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Friday, 26 October, 2001, 21:51 GMT 22:51 UK
Macedonia talks 'progress'
Solana spoke of optimism following the talks with ethnic Albanian and Macedonian leaders
EU envoy Javier Solana spoke of a significant progress
By Nick Wood in Skopje

The European Union's top foreign envoy, Javier Solana, has left Macedonia claiming new hope for the country's peace process.

He said political parties had overcome a stumbling block preventing the ratification of a peace deal.


I have an agreement. We have all the amendments agreed and I hope that now the government and the parliament can continue the parliamentary process without any difficulty

Javier Solana
But it now seems ethnic Albanian politicians are unhappy with the proposals.

It has been two months since a Western-brokered peace deal was signed, effectively ending months of conflict.

But the accord, which requires key changes to the country's constitution, has yet to be passed by parliament.

After weeks of delays, MPs appear close to agreement on most of the changes, but are still debating the special status given to ethnic Macedonians in a preamble to the constitution.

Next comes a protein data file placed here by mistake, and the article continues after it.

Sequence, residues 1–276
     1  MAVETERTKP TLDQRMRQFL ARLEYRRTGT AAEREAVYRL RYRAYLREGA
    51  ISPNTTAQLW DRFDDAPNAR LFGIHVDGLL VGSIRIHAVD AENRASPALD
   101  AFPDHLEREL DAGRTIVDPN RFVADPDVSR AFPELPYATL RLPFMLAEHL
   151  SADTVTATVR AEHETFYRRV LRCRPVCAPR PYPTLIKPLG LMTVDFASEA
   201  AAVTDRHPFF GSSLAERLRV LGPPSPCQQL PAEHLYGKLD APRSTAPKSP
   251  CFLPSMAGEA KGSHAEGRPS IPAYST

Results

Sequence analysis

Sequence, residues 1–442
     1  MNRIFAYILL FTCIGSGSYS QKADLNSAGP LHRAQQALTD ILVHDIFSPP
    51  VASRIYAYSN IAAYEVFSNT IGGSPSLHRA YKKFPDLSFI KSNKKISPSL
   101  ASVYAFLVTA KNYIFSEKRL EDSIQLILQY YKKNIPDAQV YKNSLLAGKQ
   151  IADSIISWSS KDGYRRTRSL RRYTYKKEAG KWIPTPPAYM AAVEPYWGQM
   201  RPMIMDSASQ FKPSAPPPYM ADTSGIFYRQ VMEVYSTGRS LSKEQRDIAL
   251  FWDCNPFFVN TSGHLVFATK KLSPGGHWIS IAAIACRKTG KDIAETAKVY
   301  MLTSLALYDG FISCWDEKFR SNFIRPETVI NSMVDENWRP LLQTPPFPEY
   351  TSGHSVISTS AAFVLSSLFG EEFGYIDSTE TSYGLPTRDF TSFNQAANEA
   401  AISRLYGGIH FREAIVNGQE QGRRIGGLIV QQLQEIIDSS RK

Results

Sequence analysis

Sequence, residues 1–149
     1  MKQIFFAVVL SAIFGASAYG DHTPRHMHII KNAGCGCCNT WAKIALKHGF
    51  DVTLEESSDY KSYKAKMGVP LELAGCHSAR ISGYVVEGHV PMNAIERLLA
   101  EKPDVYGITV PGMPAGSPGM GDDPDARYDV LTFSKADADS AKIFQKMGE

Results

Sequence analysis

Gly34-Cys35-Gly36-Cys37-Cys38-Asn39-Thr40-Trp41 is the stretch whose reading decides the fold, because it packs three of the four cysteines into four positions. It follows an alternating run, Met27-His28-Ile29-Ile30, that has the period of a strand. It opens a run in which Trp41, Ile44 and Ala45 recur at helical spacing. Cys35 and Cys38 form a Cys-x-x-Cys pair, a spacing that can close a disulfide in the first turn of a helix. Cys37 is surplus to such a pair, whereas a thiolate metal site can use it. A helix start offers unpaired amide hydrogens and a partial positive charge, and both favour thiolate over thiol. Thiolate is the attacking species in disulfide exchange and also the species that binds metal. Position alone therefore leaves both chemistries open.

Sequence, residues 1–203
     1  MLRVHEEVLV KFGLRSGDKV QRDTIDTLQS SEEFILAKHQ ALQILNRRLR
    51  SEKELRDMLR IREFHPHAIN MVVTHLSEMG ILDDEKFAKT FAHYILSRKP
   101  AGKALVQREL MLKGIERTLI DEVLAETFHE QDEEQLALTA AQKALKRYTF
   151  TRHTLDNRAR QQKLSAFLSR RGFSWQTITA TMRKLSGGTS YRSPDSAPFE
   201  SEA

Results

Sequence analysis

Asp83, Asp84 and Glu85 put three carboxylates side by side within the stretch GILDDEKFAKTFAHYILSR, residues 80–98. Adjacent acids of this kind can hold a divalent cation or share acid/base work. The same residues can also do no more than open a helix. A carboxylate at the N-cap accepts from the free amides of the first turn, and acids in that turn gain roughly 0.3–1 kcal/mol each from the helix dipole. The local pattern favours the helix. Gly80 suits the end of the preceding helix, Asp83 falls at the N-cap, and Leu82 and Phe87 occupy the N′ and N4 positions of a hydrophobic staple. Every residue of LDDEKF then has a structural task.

The negotiations centre on a deal signed by Macedonians and ethnic Albanians last August
Ethnic Albanian MPs want equal status

They are referred to as a nation or people, a definition that Albanians felt discriminated against them, and it has been replaced with a new clause.

However, the country's President Boris Trajkowski warned earlier this week that MPs were unlikely to accept such a compromise.

Longed-for normality

Javier Solana gave party leaders a new proposal before he left for Brussels.

It says the republic is the state of the Macedonian people as well as citizens that are part of the Albanian peoples and other minorities.

The dispute is over just a few words, but Albanian MPs see it as critical to their future within the state and are opposed to it.

At the same time the failure to come to an agreement is delaying the country's return to normality.

So long as the peace accord is not ratified, both the European Union and Nato say they will not back the return of the police and the armed forces to former rebel-held areas.


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See also:

23 Oct 01 | Europe
Blasts rock Macedonia village
31 Aug 01 | From Our Own Correspondent
Macedonia: Wobbling Balkans domino
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